Pupillary Pathways

Topical Glaucoma Medications (Alpha-2 Agonists, CAIs, Miotics & Combo)

Posted by Amanda Dexter on Mar 3, 2016 9:00:00 AM
Amanda Dexter
Dr. Amanda K. Dexter received her optometric training at Southern California College of Optometry in Fullerton, California, where she was Class of 2010 Valedictorian. She also completed a residency in Primary Care and Ocular Disease at the Veteran's Affairs Hospital in San Diego, California. Dr. Dexter is the Manager and Program Coordinator for OptoPrep, the premiere online study resource for the NBEO Part I & II.

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On Monday we reviewed the most important concepts associated with prostaglandin analogs and beta-blockers.

Today we will continue on with reviewing the mechanisms of action, dosages, side effects, contraindications, and preparations of topical alpha-2 agonists, carbonic anhydrase inhibitors, miotics, and combination medications. 

Alpha-2 Agonists 

Mechanism of action: This class of IOP-lowering medication decreases intraocular pressure by reducing the amount of aqueous secretion and enhancing aqueous outflow through the uveoscleral route. 

Dosage: The recommended dosage for Iopidine® and Alphagan® is three times per day (TID)

Side Effects:

  • Hyperemia, burning, stinging, blurred vision, and foreign body sensation
  • Conjunctival vessel blanching and a mild miotic effect is commonly seen
  • Blepharitis, blepharoconjunctivitis, and conjunctival follicles
  • Systemic side effects can also occur with alpha-2 agonists which include dry mouth, headache, fatigue, and drowsiness
  • Some patients have also shown a decrease in systolic and diastolic blood pressure and heart rate (but these are generally clinically insignificant)
  • Alpha-2 agonists are contraindicated in patients taking monoamine oxidase inhibitors (MAOIs)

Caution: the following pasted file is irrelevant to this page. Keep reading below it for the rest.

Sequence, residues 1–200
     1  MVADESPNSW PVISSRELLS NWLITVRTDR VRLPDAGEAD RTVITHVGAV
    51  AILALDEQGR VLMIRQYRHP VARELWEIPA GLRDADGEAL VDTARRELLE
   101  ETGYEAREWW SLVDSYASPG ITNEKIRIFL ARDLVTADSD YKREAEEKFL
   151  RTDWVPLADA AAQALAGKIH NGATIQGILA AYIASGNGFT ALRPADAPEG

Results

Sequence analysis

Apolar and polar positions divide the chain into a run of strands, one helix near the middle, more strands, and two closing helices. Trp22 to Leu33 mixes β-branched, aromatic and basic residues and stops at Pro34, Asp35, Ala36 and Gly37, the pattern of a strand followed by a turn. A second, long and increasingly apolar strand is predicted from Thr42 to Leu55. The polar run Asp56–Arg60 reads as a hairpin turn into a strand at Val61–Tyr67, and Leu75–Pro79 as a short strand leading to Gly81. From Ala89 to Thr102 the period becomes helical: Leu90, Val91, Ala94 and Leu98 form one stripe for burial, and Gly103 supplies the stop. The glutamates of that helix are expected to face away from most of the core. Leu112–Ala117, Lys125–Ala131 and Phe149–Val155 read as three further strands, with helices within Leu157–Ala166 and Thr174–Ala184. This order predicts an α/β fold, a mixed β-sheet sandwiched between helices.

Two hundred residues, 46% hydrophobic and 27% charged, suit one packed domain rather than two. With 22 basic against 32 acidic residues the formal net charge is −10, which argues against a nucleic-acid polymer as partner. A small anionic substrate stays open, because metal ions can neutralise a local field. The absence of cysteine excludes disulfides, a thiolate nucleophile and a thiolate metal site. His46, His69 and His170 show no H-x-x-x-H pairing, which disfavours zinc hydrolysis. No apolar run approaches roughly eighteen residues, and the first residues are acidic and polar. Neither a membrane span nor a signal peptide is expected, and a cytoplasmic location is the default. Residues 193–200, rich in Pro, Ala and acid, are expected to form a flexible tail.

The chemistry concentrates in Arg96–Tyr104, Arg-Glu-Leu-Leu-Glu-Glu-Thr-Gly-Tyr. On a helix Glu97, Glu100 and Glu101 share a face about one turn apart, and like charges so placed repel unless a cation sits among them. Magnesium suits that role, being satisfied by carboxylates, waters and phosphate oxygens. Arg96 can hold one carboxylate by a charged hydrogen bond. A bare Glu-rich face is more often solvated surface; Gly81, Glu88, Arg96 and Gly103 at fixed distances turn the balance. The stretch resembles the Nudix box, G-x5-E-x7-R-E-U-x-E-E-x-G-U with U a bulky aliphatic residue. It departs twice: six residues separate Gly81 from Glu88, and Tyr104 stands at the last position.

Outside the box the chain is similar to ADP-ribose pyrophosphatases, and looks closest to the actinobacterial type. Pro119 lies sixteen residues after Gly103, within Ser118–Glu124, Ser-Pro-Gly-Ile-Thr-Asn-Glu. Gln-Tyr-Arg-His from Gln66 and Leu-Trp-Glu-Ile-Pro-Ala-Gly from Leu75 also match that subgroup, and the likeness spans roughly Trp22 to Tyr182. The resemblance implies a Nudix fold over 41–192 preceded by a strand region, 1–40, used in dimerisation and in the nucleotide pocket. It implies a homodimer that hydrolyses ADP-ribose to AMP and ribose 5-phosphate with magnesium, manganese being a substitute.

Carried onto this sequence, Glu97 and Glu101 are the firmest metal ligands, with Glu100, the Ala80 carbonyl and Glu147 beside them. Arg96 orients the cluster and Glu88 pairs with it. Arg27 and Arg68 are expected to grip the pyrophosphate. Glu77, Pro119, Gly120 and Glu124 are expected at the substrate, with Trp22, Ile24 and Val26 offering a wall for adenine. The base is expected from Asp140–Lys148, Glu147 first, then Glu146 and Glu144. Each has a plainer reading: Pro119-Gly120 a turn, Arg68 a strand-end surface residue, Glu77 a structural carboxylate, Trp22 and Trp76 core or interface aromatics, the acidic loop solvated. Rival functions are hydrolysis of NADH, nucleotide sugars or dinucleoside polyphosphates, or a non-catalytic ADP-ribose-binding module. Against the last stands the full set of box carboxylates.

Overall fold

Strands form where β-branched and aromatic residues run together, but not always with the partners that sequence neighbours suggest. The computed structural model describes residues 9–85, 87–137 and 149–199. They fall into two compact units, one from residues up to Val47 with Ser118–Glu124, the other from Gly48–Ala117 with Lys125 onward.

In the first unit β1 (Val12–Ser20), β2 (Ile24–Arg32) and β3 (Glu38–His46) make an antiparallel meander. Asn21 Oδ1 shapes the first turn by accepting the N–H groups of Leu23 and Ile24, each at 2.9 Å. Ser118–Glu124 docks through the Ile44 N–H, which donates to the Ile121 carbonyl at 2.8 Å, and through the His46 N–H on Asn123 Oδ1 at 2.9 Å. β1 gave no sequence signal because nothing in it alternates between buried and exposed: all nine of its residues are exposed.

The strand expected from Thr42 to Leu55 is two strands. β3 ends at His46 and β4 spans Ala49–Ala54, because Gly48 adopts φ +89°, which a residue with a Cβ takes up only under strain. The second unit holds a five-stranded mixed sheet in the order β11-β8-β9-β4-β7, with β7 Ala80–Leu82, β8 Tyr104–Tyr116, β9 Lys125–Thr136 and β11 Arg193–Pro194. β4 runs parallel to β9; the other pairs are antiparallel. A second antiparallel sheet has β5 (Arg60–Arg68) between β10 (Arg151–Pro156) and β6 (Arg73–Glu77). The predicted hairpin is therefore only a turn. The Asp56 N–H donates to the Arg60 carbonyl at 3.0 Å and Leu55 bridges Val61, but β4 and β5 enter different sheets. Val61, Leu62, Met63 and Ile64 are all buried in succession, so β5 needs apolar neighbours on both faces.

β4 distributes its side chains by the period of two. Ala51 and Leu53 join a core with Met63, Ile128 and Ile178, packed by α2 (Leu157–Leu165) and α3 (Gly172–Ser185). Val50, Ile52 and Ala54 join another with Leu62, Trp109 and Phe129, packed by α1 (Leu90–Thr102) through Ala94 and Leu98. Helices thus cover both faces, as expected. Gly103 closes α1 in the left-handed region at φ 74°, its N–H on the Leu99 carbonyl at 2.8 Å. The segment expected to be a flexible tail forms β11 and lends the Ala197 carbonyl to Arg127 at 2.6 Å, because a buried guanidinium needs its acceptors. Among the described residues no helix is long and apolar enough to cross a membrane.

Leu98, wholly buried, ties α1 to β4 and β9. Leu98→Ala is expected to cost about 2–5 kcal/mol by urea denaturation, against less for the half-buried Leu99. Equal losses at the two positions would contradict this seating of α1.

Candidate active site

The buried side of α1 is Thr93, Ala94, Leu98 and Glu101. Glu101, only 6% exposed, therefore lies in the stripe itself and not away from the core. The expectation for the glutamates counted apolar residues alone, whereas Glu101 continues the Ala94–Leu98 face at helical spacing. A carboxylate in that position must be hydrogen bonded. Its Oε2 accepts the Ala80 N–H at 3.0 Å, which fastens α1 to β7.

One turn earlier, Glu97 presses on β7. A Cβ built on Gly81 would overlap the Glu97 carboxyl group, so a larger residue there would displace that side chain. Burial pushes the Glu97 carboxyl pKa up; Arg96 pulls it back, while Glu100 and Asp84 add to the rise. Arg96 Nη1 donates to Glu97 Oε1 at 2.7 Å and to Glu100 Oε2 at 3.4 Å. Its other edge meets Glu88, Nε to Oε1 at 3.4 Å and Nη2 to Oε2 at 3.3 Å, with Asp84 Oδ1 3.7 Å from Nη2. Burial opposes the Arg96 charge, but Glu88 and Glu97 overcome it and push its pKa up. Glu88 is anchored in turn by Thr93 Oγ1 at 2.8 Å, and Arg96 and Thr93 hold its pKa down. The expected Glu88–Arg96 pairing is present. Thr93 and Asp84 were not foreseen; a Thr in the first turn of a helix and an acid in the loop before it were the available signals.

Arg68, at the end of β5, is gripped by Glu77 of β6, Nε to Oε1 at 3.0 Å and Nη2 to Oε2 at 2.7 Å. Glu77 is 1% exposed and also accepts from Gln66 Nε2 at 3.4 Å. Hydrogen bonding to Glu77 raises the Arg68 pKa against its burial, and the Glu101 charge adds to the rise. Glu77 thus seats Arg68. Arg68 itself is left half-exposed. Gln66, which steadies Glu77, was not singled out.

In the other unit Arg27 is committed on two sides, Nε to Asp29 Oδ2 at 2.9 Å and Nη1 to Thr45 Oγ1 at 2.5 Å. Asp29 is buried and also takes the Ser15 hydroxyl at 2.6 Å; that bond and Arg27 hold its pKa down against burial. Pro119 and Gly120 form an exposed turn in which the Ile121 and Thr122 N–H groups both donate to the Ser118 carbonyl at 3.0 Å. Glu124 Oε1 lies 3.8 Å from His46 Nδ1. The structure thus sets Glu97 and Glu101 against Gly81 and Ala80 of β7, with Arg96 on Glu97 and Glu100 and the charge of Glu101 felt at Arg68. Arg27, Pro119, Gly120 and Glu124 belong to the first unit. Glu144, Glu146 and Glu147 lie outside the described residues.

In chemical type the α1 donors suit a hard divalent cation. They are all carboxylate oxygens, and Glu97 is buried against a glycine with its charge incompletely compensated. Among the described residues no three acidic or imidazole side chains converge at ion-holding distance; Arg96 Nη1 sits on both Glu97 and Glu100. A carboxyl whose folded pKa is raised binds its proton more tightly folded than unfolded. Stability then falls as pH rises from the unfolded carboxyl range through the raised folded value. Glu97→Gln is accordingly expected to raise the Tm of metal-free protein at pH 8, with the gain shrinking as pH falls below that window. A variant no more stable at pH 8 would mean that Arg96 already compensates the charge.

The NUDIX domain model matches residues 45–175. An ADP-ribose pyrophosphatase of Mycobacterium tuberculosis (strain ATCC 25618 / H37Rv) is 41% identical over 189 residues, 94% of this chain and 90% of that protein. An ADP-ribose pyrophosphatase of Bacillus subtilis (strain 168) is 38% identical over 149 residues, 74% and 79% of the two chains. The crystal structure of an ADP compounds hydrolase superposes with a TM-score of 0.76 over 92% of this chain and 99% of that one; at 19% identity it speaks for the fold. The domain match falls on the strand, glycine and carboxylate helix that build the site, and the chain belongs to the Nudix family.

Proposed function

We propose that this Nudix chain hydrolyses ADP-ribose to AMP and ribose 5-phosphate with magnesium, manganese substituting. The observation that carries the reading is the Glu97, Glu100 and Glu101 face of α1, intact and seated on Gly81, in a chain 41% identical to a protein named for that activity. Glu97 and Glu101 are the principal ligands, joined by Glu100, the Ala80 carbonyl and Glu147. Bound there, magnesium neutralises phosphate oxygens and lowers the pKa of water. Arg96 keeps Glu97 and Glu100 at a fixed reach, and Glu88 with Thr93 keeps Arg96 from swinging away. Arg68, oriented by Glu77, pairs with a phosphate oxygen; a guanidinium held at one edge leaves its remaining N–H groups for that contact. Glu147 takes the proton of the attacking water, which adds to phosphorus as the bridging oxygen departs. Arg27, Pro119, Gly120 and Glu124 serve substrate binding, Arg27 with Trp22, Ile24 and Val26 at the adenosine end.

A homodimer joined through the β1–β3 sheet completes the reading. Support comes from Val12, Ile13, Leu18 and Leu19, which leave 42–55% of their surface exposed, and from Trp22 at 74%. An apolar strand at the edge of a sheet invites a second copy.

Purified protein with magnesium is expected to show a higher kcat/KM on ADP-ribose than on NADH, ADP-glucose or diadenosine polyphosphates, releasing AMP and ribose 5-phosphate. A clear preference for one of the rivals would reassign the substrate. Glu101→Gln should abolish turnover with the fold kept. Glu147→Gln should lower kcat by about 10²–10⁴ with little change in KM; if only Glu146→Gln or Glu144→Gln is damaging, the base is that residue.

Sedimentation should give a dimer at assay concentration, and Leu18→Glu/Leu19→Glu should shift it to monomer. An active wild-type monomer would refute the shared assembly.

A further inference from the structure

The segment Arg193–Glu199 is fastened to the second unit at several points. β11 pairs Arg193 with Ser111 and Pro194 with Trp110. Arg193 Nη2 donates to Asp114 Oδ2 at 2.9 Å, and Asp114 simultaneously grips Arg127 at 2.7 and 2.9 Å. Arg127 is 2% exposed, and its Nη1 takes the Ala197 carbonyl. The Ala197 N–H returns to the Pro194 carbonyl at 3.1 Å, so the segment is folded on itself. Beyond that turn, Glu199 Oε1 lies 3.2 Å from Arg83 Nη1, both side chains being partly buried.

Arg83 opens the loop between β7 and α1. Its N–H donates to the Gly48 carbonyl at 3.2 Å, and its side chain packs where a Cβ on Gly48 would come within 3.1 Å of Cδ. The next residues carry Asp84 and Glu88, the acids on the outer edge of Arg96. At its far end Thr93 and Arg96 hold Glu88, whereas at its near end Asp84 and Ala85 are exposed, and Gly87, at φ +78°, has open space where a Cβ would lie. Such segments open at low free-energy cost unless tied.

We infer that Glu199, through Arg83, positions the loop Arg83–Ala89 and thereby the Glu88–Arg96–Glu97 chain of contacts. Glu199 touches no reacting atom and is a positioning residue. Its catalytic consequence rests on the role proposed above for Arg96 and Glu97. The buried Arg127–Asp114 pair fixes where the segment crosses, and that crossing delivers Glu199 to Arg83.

• These medications are not contraindicated in patients with cardiopulmonary disease, but caution should be exercised in those with severe cardiovascular disease
  • Alpha-2 agonists should also be avoided in young children due to the fact that they cross the blood-brain barrier

Preparations: 

  • Iopidine® (Apraclonidine): In addition to decreasing aqueous secretion and increasing uveoscleral outflow, Iopidine® may have additional IOP-lowering effects due to its influence on ocular blood flow. Once instilled, Iopidine® shows a significant drop in IOP that lasts about 12 hours, with a peak effect at about 3-5 hours, which can be up to a 30-40% drop in IOP. Most patients show approximately a 20% decrease in IOP on average with both 0.5% and 1.0% solutions. However, the benefits of Iopidine® in most patients are short-lived due to the development of tachyphylaxis or ocular allergies that may warrant discontinuation; therefore, Iopidine® is most commonly used after laser surgery of the anterior segment to offset potential acute IOP spikes.
  • Alphagan® (Brimonidine): Alphagan® is a potent and highly selective alpha-2 adrenoreceptor agonist (about 30x more selective than apraclonidine). There is also evidence that shows that Alphagan® may provide neuroprotective properties that could potentially spare retinal ganglion cells and the optic nerve from further degeneration (this is controversial). Peak IOP-lowering with Alphagan® occurs about 2 hours after instillation of the medication and lasts about 10-12 hours; therefore as a monotherapy, Alphagan® is typically dosed three times daily (TID). Alphagan is usually not the initial drug used to treat glaucoma but is often rather used as a secondary medication for further IOP reduction.

Carbonic Anhydrase Inhibitors (CAIs)

Mechanism of action: CAIs lower IOP by inhibiting aqueous secretion. It is also important to note that these molecules are chemically related to sulfonamides. 

Dosage: CAIs are typically recommended to be used at a dosage of TID when monotherapy, or BID as an adjunctive treatment. 

Side Effects:

  • Ocular irriation, stinging, burning, foreign body sensation, and blurred vision 
  • Superficial punctate keratitis, conjunctivitis, and headaches